Lucy’s Madden Food Blog

One of the advantages – and yes there are many – of getting older is one’s memory bank of recipes that have gone out of fashion.  Recipes that have been passed down the generations for centuries are often lost in the desire for modernity.  We have been so influenced by Mediterranean cooking too that many of our traditional dishes have been forgotten and much to our detriment.  Pasta often replaces potatoes, our wonderful butter is shunned for olive oil, tiramisu has taken the place of old favourites like treacle tart.  I well remember the puddings of my childhood; we always had one and it was the highlight of out meal.  This might have had something to do with the fact that there was not the same choice of savoury foods available and the main course was often predictable, but at the same time how we looked forward to our puddings.

These were usually made from ingredients that you would find in a normal store-cupboard.  Occasionally there was cream on the side but more likely custard.  I don’t know if modern children are familiar with custard, but if not, they are missing out.  A warm jam sponge fresh from the oven and doused with custard cheers the grimmest day.  It may not be sophisticated fare, but it hits the spot.  It’s a message too, that someone has taken trouble over the meal.   Below are three puddings I remember from my childhood that you hardly come across these days.  They deserve to be remembered.





600ml/1 pint milk

Rind of 1 lemon, pared with a potato peeler

25g/1 oz butter

150g/5 oz caster sugar

75g/3 oz fresh white breadcrumbs

3 eggs, separated

4 tablespoons raspberry or apricot jam


Put the milk into a pan with the lemon rind and heat until the milk is just beginning to form a skin.  Remove from the heat and stir in the butter and 50g/2 oz of the caster sugar.  Stir until the butter has melted and the sugar has dissolved and then remove the lemon rind.  Stir in the breadcrumbs and leave to soak for 30 minutes.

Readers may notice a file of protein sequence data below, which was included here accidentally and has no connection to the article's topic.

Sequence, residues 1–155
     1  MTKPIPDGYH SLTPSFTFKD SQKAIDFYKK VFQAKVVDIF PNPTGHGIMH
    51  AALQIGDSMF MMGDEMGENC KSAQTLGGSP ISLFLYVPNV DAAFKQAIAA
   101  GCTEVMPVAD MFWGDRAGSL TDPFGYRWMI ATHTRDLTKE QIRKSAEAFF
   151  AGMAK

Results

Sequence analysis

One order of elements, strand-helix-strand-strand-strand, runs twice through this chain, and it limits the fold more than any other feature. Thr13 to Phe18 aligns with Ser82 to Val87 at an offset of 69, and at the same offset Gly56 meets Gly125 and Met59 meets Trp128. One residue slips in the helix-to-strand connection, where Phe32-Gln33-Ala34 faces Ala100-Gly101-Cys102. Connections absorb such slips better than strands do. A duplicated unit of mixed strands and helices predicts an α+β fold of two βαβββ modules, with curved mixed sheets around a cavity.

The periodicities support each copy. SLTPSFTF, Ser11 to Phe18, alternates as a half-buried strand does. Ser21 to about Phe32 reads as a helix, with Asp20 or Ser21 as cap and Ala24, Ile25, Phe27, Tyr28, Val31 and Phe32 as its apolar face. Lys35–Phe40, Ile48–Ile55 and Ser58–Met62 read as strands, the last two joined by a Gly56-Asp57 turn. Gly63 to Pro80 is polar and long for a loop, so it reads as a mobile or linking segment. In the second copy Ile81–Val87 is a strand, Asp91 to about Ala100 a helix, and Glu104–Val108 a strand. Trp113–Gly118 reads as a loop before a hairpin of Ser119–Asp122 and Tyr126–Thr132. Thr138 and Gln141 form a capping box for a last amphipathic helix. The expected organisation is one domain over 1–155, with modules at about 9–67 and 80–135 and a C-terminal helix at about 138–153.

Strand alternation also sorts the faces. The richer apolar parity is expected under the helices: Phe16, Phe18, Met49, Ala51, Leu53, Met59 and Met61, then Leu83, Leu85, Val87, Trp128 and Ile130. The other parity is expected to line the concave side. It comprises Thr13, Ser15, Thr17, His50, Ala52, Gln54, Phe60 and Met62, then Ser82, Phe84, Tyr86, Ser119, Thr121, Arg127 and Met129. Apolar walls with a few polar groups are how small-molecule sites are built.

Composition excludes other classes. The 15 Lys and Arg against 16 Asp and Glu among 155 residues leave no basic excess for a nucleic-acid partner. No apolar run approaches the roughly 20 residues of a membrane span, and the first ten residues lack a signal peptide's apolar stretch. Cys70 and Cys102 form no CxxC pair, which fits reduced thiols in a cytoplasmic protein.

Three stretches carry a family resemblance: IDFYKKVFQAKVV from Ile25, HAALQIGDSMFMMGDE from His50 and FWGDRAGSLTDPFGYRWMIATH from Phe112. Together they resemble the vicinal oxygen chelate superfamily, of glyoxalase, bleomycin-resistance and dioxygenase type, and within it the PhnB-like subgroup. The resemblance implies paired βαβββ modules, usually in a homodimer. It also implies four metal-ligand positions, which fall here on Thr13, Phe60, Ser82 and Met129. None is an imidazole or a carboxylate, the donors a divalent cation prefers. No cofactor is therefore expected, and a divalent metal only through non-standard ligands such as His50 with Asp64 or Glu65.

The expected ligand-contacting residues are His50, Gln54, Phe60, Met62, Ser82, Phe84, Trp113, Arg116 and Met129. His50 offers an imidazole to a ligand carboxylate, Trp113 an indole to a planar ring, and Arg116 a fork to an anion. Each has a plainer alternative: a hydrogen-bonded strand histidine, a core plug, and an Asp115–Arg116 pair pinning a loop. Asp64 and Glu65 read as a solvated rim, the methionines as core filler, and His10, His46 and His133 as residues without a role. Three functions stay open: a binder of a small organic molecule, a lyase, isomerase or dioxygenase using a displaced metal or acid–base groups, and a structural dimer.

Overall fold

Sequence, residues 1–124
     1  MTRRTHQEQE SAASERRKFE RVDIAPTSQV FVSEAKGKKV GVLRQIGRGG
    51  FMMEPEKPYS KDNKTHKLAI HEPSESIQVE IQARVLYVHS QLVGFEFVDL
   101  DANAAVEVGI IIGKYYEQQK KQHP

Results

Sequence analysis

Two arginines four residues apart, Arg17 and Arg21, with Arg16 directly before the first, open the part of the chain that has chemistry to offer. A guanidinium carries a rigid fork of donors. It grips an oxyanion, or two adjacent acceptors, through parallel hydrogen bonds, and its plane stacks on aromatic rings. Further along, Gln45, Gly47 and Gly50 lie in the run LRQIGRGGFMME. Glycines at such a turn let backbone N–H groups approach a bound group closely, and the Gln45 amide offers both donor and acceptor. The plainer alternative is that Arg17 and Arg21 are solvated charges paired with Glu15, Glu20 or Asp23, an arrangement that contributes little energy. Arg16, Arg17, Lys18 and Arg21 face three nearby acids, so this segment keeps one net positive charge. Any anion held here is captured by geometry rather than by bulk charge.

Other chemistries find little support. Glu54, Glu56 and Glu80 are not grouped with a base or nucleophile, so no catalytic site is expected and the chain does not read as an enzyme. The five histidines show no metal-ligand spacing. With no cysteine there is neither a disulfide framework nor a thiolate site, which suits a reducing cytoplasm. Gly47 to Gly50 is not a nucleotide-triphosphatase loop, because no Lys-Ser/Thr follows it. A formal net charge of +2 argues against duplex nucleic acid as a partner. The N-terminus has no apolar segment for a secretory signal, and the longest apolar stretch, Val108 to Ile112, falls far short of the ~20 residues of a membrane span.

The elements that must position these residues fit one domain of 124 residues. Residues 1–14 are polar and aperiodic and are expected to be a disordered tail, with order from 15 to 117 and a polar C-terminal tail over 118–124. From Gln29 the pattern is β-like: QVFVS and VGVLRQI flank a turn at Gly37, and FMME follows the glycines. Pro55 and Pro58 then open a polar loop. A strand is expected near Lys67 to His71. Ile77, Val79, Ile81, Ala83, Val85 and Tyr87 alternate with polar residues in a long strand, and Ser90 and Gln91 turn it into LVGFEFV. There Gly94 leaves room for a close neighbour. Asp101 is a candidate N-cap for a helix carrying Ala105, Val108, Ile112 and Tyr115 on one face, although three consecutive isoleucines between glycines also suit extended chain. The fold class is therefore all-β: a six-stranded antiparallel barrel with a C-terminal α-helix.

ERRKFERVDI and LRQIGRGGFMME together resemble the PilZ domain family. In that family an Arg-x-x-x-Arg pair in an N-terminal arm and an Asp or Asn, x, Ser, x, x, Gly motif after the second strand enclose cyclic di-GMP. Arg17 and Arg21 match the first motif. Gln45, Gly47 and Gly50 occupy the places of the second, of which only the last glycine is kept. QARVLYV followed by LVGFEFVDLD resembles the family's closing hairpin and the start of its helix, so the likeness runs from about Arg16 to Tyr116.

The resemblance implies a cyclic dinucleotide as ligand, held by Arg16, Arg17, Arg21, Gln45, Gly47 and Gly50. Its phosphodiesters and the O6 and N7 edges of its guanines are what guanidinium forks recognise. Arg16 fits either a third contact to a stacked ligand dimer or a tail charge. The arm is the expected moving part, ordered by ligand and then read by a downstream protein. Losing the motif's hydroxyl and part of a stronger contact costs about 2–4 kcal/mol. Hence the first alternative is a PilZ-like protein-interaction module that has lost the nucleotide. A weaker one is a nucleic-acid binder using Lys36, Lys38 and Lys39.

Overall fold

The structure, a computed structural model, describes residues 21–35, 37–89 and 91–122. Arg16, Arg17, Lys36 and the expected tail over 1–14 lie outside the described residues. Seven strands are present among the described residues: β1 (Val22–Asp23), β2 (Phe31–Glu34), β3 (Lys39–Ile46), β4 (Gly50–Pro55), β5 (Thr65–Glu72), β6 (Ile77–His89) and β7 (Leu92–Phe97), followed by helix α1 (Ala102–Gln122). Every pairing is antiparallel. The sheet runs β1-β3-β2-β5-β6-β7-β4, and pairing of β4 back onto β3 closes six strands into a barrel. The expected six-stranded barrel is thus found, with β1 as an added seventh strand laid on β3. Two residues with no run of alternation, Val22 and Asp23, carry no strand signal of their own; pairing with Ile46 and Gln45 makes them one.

Beat the yolks into the milk and breadcrumb mixture.  Pour into a buttered ovenproof dish.  Put in a roasting tin half filled with hot water and bake in a low to moderate oven Gas 3/325F/170C for 45-50 minutes.  Remove from the oven and cool.  Spread the jam over the surface.

Whisk the egg whites until stiff, then gradually add the remaining sugar whisking all the time.   When the meringue is very stiff, spoon it over the jam, covering it completely, and bake in the oven at the same temperature for 30 minutes, until the meringue is golden.



The ‘surprise’ of this pudding is the unexpected sauce concealed beneath the sponge.

50g/2 oz butter, plus extra for greasing

Grated rind and juice of 2 lemons (keep rind and juice separately)

110g/4oz caster sugar

2 eggs, separated

50g/2oz self-raising flour

300ml/10 fl oz milk

Butter a 1.2litre/2 pint baking dish.  Beat the lemon rind, remaining butter and caster sugar in a bowl until pale and fluffy.  Add the egg yolks and flour and beat well.  Gradually whisk in the lemon juice and milk (don’t worry if the mixture curdles at this stage).  Whisk the egg whites until they form stiff peaks.  Fold the egg whites into the lemon mixture and pour into the baking dish.  Put into a roasting pan half filled with hot water and bake at Gas 5/375F/190C for about 45 minutes until golden.  Eat at once.



This is so easy to make it’s almost embarrassing to admit it.   You can eat it on its own or with stewed fruit of the season.

300ml/10 fl oz cream

150ml/5 fl oz natural unsweetened yoghourt

Demerara sugar

Whip the cream fairly stiffly and fold in the yoghourt.  Put into a bowl and strew the surface with demerara sugar, as thin or thick as you like.  Leave overnight in the refrigerator.